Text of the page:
We should, then, test world views by their logical consistency and by how well they fit the facts known by experience. In our day and age, however, certain people, under the influence of Eastern mysticism or its Western step-child, the New Age Movement, deny that consistency is a test for truth. They affirm that reality is ultimately illogical or that logical contradictions correspond to reality. They assert that in Eastern thought the Absolute or God or the Real transcends the logical categories of human thought. They are apt to interpret the demand for logical consistency as a piece of Western imperialism. Trying to reason with such people can be very frustrating, because they will cheerfully concede that their view is logically incoherent and yet insist that it is true.
What such people seem to be saying is that the classical law of thought known as the Law of Excluded Middle is not necessarily true; that is to say, they deny that of a proposition and its negation, necessarily, one is true and the other is false. Such a denial could take two different forms. It could be interpreted on the one hand to mean that a proposition and its negation both can be true (or both false). Thus, it is true both that God is love and, in the same sense, that God is not love. Since both are true, the Law of Contradiction, that a proposition and its negation cannot both be true (or both false) at the same time, is also denied. On the other hand, the original denial could be interpreted to mean that of a proposition and its negation neither may be true (or neither false). Thus, it is not true that God is good and it is not true that God is not good; there is just no truth value at all for such propositions. In this case, it is the classical Principle of Bivalence, that for any proposition, necessarily that proposition is either true or false, that is denied along with the Law of Excluded Middle.
Now I am inclined to say that such claims are frankly crazy and unintelligible. To say that God is both good and not good in the same sense or that God neither exists nor does not exist is just incomprehensible to me.
In our politically correct age, there is a tendency to vilify all that is Western and to exalt Eastern modes of thought. To assert that Eastern thought is seriously deficient in making such claims is to be a sort of epistemological bigot, blinkered by the constraints of the logic-chopping Western mind. But this attitude is far too simplistic. In the first place, there are thinkers within the tradition of Western thought alone who have held the mystical views under discussion (Plotinus would be a good example), so that there is no need to play off East against West in this matter. Secondly, the extent to which such thinking represents "the Eastern mind" has been greatly exaggerated. In the East the common man -- and the philosopher, too -- lives by the Laws of Contradiction and Excluded Middle in his everyday life; he affirms them every time he walks through a doorway rather than into the wall. It is only at an extremely theoretical level of philosophical speculation that such laws are denied. And even at that level, the situation is not monochromatic: Confucianism, Hinayana Buddhism, pluralistic Hinduism as exemplified in Sankhya-Yoga, Vaishesika-Nyaya, and Mimasa schools of thought, and even Jainism do not deny the application of the classical laws of thought to ultimate reality. Thus, a critique of Eastern thought from within Eastern thought can be -- and has been -- made. We in the West should not therefore be embarrassed or apologetic about our heritage; on the contrary, it is one of the glories of ancient Greece that her thinkers came to enunciate clearly the principles of logical reasoning, and the triumph of logical reasoning over competing modes of thought in the West has been one of the West's greatest strengths and proudest achievements.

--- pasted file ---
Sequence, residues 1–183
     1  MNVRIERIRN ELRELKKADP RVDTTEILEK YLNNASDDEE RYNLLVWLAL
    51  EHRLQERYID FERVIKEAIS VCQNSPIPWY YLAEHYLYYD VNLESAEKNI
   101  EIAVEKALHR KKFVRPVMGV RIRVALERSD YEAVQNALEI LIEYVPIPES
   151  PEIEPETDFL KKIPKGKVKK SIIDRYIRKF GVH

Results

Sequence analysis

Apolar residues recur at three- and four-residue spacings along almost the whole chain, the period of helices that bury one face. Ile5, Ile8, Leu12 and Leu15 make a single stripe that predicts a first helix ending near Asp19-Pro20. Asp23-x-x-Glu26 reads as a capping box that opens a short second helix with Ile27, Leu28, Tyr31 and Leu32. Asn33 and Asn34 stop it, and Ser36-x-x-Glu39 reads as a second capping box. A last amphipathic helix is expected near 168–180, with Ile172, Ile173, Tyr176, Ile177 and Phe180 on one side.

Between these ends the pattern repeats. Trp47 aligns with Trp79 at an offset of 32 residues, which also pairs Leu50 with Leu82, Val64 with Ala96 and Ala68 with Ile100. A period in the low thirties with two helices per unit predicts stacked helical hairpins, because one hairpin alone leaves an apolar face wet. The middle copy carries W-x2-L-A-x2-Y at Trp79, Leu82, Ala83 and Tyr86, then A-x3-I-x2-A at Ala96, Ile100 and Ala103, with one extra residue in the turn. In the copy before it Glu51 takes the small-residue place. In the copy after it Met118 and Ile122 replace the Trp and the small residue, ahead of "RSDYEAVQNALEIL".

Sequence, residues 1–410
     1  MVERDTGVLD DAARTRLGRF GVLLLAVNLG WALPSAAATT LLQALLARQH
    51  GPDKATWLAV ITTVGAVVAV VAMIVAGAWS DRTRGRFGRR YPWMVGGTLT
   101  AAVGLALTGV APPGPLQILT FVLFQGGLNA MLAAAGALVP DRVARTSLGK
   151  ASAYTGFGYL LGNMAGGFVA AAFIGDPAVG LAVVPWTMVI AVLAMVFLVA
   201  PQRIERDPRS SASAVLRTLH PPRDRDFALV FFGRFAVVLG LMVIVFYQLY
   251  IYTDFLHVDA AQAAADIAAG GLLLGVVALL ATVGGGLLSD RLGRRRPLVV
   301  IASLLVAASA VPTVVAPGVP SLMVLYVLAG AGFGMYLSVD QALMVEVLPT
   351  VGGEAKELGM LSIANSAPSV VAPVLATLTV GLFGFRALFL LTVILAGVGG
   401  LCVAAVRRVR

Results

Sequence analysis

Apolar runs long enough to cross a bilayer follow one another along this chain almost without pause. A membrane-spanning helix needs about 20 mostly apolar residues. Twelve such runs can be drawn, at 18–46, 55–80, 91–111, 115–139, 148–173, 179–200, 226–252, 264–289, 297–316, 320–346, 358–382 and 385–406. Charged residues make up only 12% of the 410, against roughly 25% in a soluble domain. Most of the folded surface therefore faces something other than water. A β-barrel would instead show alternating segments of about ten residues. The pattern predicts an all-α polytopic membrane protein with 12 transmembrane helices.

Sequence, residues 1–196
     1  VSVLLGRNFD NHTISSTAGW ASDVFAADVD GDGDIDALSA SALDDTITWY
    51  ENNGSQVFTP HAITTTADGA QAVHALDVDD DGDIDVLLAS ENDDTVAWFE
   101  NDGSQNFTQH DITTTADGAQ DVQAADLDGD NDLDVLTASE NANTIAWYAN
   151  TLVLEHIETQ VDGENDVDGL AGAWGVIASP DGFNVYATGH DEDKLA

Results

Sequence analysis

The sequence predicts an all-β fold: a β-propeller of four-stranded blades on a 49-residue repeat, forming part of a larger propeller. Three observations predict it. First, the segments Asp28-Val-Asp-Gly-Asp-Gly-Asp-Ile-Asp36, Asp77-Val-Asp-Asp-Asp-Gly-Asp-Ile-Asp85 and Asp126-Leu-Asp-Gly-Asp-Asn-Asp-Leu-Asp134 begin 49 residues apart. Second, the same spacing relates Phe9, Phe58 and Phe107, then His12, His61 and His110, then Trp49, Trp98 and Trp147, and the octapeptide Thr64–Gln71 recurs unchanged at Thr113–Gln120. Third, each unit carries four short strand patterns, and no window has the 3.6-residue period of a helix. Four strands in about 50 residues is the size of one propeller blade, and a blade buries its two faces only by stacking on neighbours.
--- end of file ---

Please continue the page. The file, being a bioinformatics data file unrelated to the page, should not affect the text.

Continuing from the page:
Why think then that such self-evident truths as the principles of logic are in fact invalid for ultimate reality? Such a claim seems to be both self-refuting and arbitrary. For consider a claim like "God cannot be described by propositions governed by the Principle of Bivalence." If such a claim is true, then it is not true, since it itself is a proposition describing God and so has no truth value. Thus, such a claim refutes itself. Of course, if it is not true, then it is not true, as the Eastern mystic alleged, that God cannot be described by propositions governed by the Principle of Bivalence. Thus, if the claim is not true, it is not true and if it is true, it is not true, so that in either case the claim turns out to be not true. Or consider the claim that "God cannot be described by propositions governed by the Law of Contradiction." If this proposition is true, then, since it describes God, it is not itself governed by the Law of Contradiction. There, it is equally true that "God can be described by propositions governed by the Law of Contradiction." But then which propositions are these that are so governed? There must be some, for the Eastern mystic is committed to the truth of this claim. But if he produces any, then they immediately refute his original claim that there are no such proposition. His claim thus commits him to the existence of counter-examples which serve to refute that very claim.
William Lane Craig
Reasonable Faith: Christian Truth and Apologetics, 2nd edition